The streets of Old Delhi come alive with an assortment of fritters during the Ramzan evenings. Rahul Verma particularly looks for keema ki goli, a speciality of the season
The sounds of two loud crackers in the air signal the end of the day's fast. And suddenly the market area starts to hum, as if it has been woken up with a magic wand.
This is the time to visit Old Delhi, especially the Jama Masjid area. During Ramzan — when devout Muslims fast through the day — the neighbourhood wakes up to a frenzy of sound and colour in the evenings when the fast is broken. Fairy lights line the sides of the markets in the area. Matia Mahal, the most prominent of the markets there, dazzles with lights. The shops put out their wares. And people step out of their homes.
The change is spectacular. One moment, the market looks like it's dozing, with just a few people pottering around and looking at the goods that have been put up. The next moment, there is such hustle and bustle that it seems as if you have suddenly landed in the midst of a movie set. People rush out of their houses to buy all that they'll need before they start their fast the next morning. Vendors light up their stalls. And children stand open-mouthed in front of the stalls selling the most delicious of snacks.
The most popular snack, undoubtedly, is the pakora. After a full day's fasting — without a drop of water — you yearn for something that is light like a snack, but heavy enough to keep you going for a while. The pakora, covered with a thick lining of spiced batter, is just the thing. Not surprisingly, most people break their fast with a small bowl of chopped fruits — and then move on to the pakora stalls.
The pakoras — or fritters — are of all kinds. You get your vegetable pakoras — with a stuffing of potatoes, onions, vegetables and so on. Then there are chicken pakoras, with a small and succulent piece of chicken wrapped in batter and then fried in hot oil. Some of the most popular pakoras that you get in the neighbourhood are difficult to find in other parts of the city. The mutton samosa or keema goli, for instance, are delectable pakoras that you get mostly in the Walled City, and especially during the period of Ramzan.
Everybody has his or her own favourite pakora wallah in the area. My young friend Faizan Farooqui tells me that he goes all the way from Ballimaran, where he lives, to Bazar Chitli Qabar for his pakoras at Durga Sweets. So I naturally land up there, and find the place teeming with people and the delicious aroma of fried pakoras in the air.
The vendors have been making and selling pakoras for generations, so they follow a system that could teach a lesson or two to modern plants with an assembly-line production. Most of the pakoras have been lightly fried once and kept aside. You ask for a kilo of, say, assorted pakoras, and a gentleman at the counter puts them on a platter and sends them towards the man standing by a huge kadhai filled with hot oil. There is a line of platters — all with different kinds of pakoras — in front of him. He takes the lot from the first platter, dunks them in the hot oil for a few seconds, and then takes them out with a slotted spoon and puts them back on the platter, which goes back to the man you'd first approached. He puts them in a packet and gives them to you.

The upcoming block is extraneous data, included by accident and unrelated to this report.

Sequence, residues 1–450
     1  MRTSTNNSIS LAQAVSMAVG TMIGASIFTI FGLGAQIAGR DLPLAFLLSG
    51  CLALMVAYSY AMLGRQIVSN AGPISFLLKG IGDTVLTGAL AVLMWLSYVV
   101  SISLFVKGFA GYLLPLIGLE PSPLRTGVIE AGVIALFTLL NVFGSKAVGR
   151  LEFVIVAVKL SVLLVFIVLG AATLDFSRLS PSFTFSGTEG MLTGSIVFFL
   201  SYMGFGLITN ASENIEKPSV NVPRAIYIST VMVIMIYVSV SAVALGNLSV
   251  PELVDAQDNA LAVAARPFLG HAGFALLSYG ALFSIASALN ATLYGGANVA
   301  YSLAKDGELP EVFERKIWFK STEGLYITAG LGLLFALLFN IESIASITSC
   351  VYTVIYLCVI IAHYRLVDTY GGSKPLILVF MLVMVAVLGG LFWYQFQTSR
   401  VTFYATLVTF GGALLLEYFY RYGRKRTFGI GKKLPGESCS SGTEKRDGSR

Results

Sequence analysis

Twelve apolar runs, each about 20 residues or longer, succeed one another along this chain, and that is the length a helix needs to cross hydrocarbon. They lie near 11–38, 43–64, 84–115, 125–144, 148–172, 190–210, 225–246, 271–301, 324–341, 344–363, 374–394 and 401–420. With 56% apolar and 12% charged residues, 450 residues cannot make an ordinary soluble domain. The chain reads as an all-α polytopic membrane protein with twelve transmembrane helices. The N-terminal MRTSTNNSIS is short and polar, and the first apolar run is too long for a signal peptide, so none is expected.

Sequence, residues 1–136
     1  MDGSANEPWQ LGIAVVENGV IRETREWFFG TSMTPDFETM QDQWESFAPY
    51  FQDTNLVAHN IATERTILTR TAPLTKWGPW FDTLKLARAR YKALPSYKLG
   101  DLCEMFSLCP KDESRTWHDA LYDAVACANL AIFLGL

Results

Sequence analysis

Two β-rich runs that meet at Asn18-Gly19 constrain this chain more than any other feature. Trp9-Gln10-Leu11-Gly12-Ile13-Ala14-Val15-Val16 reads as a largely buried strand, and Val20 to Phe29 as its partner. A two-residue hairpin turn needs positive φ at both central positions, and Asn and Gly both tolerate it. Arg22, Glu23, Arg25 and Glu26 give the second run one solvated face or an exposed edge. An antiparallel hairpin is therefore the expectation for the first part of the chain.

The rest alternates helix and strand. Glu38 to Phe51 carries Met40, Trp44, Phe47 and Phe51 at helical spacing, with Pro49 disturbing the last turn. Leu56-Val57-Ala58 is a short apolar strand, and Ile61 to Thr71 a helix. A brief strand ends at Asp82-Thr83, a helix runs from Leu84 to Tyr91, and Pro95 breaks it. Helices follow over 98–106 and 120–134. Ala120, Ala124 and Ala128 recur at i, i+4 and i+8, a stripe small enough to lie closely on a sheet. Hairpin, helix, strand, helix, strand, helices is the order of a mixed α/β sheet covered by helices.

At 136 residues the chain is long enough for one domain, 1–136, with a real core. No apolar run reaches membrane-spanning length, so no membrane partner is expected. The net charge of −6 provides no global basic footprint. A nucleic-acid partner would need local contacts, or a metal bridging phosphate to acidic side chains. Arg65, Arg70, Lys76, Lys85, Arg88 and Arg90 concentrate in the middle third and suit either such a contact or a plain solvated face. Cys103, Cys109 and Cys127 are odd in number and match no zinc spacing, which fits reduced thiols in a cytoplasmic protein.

The assorted pakoras include fritters of potatoes, chopped onions, green chillies and spinach and are for Rs.100 a kilo. Paneer pakora is for Rs.240 a kilo. I take my packet of assorted pakoras from Durga Sweets and make my way to Haji Sa'ab's shop, 30 yards down from Jawahar's restaurant close to Jama Masjid. He is known for his fried chicken, but I love his keema golis — little balls made out of minced meat. But I am too late; the locals have beaten me to it. By the time I reach Haji Sa'ab's, his counters are all empty. So I walk ahead a bit and reach Kallan Sweets, at the mouth of Matia Mahal. Kallan is known for its sweets, but during Ramzan it makes the most delicious keema samosas, sold for Rs.15 a piece. The samosas are shaped like a gujiya, and filled with a stuffing of spiced mince. I try out one, and then move on.
I had just walked a few steps when I noticed a man selling keemey ke goli right in front of Jama Masjid. The vendor — called Zameer Ahmed — sits there only in the month of Ramzan, during the time when people lift their fast. The tiny keema golis — again hot and spicy — are for Rs.120 a kilo.
I ate some keema golis, and then walked down the long road in front of Jama Masjid savouring the sights and the sounds of the place. On one side, there were heaps of pheni — vermicelli mounds — and khajla — flour pancakes — that people were buying to take home with them. This would be their early morning fare before they begin their fasts. On another side, vendors were selling all kinds of snacks — from mixed fruit chaat to tiny dahi vadas. Other stalls had heaps of dates — a filling and nutritious fruit to break a fast with.
Men in skull caps rushed to and fro, to get back home before iftaar. Women did their last-minute shopping, and children ran around, laughing and playing. In some of the stalls, a group of workers sat together, eating from the same plate, before they got back to work in their food stalls. Elsewhere, the tradition of fakiri — feeding the poor — was being followed.
I always get a nice feeling when I am in the Jama Masjid area during Ramzan. It is, for many, the season of give and take.